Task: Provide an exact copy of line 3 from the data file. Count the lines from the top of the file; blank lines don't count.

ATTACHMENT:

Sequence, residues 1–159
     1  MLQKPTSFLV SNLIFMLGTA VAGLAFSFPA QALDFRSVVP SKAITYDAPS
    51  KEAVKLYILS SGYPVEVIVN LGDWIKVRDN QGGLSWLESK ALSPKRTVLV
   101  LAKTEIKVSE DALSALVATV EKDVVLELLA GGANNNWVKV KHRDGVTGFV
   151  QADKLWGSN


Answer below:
    51  KEAVKLYILS SGYPVEVIVN LGDWIKVRDN QGGLSWLESK ALSPKRTVLV